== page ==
One night, while preparing a labor-intensive risotto for dinner in our Houston high-rise, my husband ambled into the kitchen and asked, with studied casualness, “Honey, if I could buy a piece of undeveloped land in Alaska, under market value, would that be OK with you?” Who knew that five years later, we would be living full time in a two room log cabin with an outhouse, forty-two miles from the nearest road, having sold our high-rise and given away most of our belongings.
|March view from front porch|
Obviously there are a number of “why?” and “how?” and “why?” again, questions raised by that paragraph. Here, I'd like to focus on three things I appreciate more because of these changes but also things I appreciate about the city I left. But first, the setting:
Since there are no roads, the only transport here is by float plane, ski plane, or, in winter, a seven-hour snow machine (snowmobile) round trip commute to the nearest town. At this remove, we receive no community services whatsoever: no electricity, roads, or plumbing. Anything we need, we have to grow, make, or do without. Such a situation is like one of those lifeboat group dynamic exercises. What do you really need? What can you do without? The first thing my husband did after clearing space in the woods several years ago (while I sat down and cried, “What on earth are we doing here?”) was to build a 120 foot power tower for wind and solar power, a satellite system for Internet, and a phone booster. You see, we are not retired. He needed to first determine whether he could run his business from the middle of nowhere, with modern communications technology. (He can, and most clients don't know where he is.)
Over the course of the day, we seem to straddle several centuries. In the mornings, he reads the Internet and engages in long distance conversations about high finance. Meanwhile, I'm washing clothes in a bucket after melting snow on the wood stove, collecting eggs from cold-hardy chickens, and monitoring the fermentation of our beer, bread, and wine. Later, he goes out to chop wood while I sit down to a laptop to write business articles or future sermons. When things go smoothly, I feel a bit like Laura Ingalls Wilder (although their house looks cleaner). Other times, particularly for the first few years, I felt like somebody in a mistaken time warp scenario or Eva Gabor on Green Acres (without the high heels).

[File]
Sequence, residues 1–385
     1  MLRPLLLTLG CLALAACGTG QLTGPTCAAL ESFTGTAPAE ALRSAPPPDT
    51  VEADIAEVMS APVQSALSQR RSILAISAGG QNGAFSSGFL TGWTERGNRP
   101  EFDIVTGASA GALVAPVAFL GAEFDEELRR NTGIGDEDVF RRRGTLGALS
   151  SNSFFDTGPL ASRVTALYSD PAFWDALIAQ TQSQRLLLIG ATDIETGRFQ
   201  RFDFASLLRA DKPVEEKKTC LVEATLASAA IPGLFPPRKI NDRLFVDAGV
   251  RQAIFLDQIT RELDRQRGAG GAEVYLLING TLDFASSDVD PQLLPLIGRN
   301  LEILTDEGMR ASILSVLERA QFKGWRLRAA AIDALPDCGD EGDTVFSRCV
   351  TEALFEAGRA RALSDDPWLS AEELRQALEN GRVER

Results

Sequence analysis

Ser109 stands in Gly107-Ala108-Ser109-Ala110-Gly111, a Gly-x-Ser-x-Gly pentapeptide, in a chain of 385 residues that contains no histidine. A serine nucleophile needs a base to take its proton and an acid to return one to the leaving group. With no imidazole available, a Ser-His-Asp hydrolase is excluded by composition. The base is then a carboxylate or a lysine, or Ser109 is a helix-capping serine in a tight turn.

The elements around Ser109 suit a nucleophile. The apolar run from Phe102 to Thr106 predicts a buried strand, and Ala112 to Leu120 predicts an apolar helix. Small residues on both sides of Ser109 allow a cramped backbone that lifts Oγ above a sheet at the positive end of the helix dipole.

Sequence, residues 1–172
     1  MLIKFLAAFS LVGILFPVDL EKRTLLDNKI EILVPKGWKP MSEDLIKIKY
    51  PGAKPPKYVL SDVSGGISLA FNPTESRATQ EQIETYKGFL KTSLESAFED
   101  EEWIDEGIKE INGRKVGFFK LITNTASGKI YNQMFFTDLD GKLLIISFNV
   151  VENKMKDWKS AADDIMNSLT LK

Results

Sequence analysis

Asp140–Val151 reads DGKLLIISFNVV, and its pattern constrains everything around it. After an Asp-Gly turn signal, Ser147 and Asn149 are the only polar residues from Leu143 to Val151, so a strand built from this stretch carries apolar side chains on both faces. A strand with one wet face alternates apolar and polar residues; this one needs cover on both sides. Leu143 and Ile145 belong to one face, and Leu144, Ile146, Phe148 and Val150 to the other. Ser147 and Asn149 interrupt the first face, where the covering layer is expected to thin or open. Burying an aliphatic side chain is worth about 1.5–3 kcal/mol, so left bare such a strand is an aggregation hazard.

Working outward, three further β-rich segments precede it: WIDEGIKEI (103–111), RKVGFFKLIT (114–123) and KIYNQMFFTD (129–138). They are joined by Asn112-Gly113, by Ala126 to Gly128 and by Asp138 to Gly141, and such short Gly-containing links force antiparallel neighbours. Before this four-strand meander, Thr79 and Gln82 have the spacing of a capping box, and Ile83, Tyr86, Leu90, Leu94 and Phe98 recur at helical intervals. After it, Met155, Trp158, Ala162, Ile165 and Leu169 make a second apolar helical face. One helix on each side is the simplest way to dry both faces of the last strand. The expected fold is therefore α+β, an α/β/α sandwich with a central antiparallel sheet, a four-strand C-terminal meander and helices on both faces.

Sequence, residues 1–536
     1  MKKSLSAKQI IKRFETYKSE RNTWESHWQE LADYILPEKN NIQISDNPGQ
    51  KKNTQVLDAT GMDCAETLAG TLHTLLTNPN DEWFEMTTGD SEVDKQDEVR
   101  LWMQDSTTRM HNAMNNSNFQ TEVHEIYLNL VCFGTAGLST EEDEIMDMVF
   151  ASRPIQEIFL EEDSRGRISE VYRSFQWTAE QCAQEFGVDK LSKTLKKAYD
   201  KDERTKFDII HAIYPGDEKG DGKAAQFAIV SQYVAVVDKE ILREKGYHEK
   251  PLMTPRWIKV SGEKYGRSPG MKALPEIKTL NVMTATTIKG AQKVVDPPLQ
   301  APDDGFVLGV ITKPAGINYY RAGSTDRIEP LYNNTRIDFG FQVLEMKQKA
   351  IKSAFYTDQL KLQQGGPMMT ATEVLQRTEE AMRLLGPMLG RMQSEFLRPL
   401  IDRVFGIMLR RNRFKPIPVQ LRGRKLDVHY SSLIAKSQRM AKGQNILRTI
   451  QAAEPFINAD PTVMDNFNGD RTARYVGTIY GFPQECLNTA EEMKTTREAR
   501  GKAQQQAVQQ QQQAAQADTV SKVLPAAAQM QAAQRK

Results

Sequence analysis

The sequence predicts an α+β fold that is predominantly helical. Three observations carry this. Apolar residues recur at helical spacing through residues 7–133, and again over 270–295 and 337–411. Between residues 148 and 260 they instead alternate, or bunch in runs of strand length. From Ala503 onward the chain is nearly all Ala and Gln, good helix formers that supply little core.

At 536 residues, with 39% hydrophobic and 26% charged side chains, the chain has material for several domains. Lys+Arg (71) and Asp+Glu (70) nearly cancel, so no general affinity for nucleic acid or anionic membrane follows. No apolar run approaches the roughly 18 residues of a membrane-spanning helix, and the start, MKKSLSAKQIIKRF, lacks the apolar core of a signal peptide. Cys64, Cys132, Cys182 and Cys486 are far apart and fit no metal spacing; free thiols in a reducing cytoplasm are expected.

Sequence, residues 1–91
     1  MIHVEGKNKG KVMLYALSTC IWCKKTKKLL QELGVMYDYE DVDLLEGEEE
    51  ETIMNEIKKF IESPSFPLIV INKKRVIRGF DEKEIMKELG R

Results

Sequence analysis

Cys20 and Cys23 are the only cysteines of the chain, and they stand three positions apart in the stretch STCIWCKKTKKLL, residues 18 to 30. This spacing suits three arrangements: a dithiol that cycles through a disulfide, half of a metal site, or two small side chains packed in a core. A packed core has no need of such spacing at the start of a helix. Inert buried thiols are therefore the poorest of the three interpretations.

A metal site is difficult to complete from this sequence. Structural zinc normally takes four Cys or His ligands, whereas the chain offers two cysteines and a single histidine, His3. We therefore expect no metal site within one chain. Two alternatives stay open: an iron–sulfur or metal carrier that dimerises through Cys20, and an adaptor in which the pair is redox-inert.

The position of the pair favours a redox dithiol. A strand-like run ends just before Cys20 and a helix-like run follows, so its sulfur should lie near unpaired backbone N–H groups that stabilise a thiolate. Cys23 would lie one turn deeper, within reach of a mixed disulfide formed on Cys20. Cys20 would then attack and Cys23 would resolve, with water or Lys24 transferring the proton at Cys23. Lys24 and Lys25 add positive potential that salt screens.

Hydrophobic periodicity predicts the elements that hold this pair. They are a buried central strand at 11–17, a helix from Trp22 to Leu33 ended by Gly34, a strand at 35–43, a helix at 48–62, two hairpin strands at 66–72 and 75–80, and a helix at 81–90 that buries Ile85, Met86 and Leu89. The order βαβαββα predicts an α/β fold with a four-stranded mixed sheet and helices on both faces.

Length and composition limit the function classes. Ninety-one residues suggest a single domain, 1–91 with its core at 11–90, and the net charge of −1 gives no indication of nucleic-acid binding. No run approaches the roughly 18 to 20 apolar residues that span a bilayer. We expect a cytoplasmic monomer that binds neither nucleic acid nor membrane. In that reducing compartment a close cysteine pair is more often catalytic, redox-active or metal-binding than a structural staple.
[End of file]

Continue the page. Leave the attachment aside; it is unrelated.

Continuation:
By shifting so completely from living in a city to living on our own out in the boonies, I am very appreciative of what I have but also of what I left behind. Here are three:
First, living on our own, every single item on Maslow's hierarchy, from water to heat to food to shelter depends on our own efforts. We had to climb a steep learning curve and drop a lot of expectations along the way. As a result, rather than demonize city life, I am immensely impressed by all the inventors, businesses, resources, and infrastructure that enable populations of 10,000 to 10 million people to live in close proximity to each other. Most rely on mysterious wires, pipes, materials, and delivery systems for both creature comforts and necessities without having to know how these things work. When I visit a city now, I love noticing on a restaurant menu all the items from remote longitudes and latitudes, like wine from Chile and lobster from Maine. I adore a bath with hot, running water. I'm amazed by how fast one can get from here to there thanks to highways through forests and bridges over rivers. Suggestion: be grateful next time you flip that switch or buy that strawberry.
Second, I love the silence here. Rather than wake up to a radio, I listen to the pulse inside my ears and feel the blood pump through my toes. It is a way of paying attention to that time-stamped battery in my chest. In the absence of “incoming” electronic entertainments, I spend more time with my thoughts and memories. As a result of our solitude and silence, I've processed some “woulda, coulda, shoulda” regrets that I had previously kept at bay with an array of city entertainments. This has brought some peace of mind.
Suggestion: carve out extended periods of silence.
Third, because everything takes longer to do and is dependent on us, I have learned to enjoy the processes rather than rush through them. I've become a better cook. I've learned to staunch blood with yarrow leaves. I can distinguish the tracks of fox and coyote sniffing around our chicken coop. Being attentive, observant, and curious keep me from getting bored. I think of the following anecdote: One time his followers asked the Buddha what to do until they gained enlightenment. He answered, “Tote water; chop wood.” And what, they asked, would they do after they achieved enlightenment? He answered, “Tote water, chop wood.” We do both every day. I'm certainly not enlightened, but I'm trying to become more aware.
Suggestion: Pay attention. Smell the coffee. Note the flowers. Do things that need to be done. Oops, the fire has gone out and the cabin is getting cool. Enough navel-gazing – back to work.